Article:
ICTY: Zupljanin to enter plea in thirty days
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During his first appearance before the Tribunal at The Hague, Stojan Zupljanin was not able to enter his plea, claiming that he had not received or read the indictment, which charges him with crimes in the Bosanska Krajina area.
The next plea hearing will be scheduled within the next 30 days.
Acting on an international warrant, issued nine years ago, the Serbia’s Interior Ministry arrested Zupljanin in an apartment in Pancevo on June 11, 2008. When asked to provide the Trial Chamber with his personal data, Zupljanin said that his last place of residence was in Banja Luka.
Zupljanin is charged, on the basis of his individual and command responsibility, with the murder, cruel and inhumane treatment, establishing and maintaining inhumane life conditions, forcible resettlement, demolition of religious buildings, extermination, torture among other crimes.
“He is also charged with having planned, abetted, supported and committed crimes mentioned in the indictment and participated in a joint criminal enterprise, with an aim to remove or permanently exterminate Bosnian Muslims and Croats on the territories, which were planned to be included in a Serbian state,” the indictment resume alleges.
The indictment alleges that, at that time Zupljanin was commander of the Regional Security Services Centre in Banja Luka, member of the Crisis Committee of the Autonomous Region of Krajina and, as of 1994, an internal affairs advisor to the Republika Srpska President.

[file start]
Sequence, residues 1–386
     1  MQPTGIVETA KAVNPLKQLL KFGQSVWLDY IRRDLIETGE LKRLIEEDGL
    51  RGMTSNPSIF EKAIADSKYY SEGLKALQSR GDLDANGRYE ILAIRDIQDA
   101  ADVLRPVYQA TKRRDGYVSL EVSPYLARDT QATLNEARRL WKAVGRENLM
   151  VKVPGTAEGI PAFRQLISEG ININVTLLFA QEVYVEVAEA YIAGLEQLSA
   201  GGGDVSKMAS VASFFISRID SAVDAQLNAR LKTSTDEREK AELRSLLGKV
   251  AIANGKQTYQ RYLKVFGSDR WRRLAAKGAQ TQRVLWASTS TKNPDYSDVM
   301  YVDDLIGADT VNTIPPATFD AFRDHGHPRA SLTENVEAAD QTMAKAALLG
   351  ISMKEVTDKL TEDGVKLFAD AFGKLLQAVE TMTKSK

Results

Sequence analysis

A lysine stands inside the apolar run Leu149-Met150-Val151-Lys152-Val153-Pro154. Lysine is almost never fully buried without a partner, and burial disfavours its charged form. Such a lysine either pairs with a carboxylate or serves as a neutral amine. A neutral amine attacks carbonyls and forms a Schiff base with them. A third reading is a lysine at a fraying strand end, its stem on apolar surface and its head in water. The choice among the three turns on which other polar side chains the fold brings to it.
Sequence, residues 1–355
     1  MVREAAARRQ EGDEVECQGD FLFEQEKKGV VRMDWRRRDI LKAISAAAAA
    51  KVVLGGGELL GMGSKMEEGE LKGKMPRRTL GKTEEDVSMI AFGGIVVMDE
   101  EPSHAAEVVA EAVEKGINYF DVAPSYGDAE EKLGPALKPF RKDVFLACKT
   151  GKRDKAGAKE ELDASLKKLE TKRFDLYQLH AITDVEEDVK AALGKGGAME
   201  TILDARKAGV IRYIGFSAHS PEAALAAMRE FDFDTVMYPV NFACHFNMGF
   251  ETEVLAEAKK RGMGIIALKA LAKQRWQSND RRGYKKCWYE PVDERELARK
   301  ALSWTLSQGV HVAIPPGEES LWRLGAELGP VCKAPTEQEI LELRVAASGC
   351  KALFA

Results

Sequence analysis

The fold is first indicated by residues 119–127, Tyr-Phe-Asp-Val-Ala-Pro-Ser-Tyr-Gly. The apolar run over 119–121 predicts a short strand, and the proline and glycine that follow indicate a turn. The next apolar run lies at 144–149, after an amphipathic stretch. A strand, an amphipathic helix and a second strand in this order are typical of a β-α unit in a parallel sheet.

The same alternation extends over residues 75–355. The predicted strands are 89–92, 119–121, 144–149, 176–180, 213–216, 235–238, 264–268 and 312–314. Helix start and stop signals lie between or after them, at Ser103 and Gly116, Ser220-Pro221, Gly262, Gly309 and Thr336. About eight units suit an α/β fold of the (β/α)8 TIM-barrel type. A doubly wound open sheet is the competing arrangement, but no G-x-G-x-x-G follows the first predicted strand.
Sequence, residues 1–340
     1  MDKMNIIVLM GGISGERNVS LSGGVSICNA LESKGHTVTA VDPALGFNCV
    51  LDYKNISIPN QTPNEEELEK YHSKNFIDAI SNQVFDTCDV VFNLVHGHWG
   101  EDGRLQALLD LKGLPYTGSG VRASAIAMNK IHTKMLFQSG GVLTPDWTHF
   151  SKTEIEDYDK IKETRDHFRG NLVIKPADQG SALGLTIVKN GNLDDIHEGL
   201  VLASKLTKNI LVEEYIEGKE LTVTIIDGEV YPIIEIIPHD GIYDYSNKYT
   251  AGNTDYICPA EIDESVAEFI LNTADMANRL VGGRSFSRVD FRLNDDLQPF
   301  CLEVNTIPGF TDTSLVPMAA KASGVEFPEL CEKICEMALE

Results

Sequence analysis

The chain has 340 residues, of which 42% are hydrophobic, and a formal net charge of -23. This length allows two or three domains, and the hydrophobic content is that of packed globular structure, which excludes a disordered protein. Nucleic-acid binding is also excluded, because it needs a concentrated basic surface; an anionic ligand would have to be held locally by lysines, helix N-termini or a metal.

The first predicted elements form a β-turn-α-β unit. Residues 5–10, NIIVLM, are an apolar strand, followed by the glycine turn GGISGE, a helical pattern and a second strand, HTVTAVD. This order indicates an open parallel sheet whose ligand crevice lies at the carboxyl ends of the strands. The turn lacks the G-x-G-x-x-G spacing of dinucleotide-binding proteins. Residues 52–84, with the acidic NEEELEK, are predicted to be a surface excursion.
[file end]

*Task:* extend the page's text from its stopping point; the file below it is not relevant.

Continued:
Addressing the Court in the course of the first hearing, Zupljanin said he wanted his “brothers,” – the three remaining ICTY fugitives – Radovan Karadzic, Ratko Mladic and Goran Hadzic – “to remain at liberty forever.”
“When the first group of indictees surrendered, we were exposed to a huge pressure. We were endlessly satanized. Our life at liberty was becoming more and more difficult. I was then told that the Serbian democratic authorities decided that it was in the best interest of the Republic of Serbia and Republika Srpska to kill the four of us. A secret operation, which was supposed to lead to our execution, commenced. And, this meant that the suffering started. Compared to what I lived through, prison seemed like something nice,” Zupljanin said.
The indictee said that taking the name of Branislav Vukadin was “the only hope” that he would not be taken out of the Serbian detention unit one night and “executed.” Following the arrest, he misrepresented himself as Branislav Vukadin and presented personal documents issued under that name.
“I wished I could be taken to The Hague as soon as possible. So, here I am now and here you are. I am telling you this just like Karadjordje Petrovic told the Turks in the course of the First Serbian Rebellion. Concerning my brothers, who are still at liberty, I wish they were alive, but I am afraid that they are not. I wish them good health and long life at liberty,” Zupljanin said.
Zupljanin was one of the four remaining fugitives, sought by the Tribunal. Besides him, the list includes wartime Bosnian Serb military and political leaders, Ratko Mladic and Radovan Karadzic respectively and Goran Hadzic, who is charged with crimes in Croatia during the 1991-1995 war.